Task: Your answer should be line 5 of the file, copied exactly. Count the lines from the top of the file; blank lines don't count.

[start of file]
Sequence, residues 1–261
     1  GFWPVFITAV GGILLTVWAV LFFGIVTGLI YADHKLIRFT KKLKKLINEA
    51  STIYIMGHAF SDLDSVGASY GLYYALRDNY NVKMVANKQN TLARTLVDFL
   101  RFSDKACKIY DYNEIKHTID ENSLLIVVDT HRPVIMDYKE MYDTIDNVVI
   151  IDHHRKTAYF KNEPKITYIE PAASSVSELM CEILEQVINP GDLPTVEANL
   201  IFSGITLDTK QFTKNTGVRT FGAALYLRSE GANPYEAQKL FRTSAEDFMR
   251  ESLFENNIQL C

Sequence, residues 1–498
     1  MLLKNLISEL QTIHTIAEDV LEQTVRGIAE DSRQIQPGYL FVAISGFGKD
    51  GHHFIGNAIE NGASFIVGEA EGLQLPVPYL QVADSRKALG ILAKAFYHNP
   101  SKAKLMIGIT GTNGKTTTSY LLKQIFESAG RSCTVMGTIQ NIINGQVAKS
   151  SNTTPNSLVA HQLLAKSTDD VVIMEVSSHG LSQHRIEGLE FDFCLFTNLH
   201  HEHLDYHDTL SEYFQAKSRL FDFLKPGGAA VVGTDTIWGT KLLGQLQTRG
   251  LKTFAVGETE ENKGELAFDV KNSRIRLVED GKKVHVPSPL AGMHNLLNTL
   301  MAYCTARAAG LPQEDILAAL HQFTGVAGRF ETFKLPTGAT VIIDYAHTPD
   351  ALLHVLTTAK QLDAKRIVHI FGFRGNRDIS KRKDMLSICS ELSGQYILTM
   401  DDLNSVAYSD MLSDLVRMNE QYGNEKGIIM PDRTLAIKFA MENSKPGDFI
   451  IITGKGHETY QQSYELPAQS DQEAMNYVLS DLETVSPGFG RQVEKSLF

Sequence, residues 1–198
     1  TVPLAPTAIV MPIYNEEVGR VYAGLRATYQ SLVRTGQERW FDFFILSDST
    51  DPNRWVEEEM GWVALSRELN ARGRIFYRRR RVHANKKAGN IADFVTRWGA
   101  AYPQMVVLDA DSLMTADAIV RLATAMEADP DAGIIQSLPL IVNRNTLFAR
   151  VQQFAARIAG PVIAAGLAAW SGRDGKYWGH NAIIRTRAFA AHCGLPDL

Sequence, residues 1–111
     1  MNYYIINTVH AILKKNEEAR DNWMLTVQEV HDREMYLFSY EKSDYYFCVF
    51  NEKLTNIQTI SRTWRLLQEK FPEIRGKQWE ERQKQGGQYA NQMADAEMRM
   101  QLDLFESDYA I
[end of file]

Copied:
   151  IDHHRKTAYF KNEPKITYIE PAASSVSELM CEILEQVINP GDLPTVEANL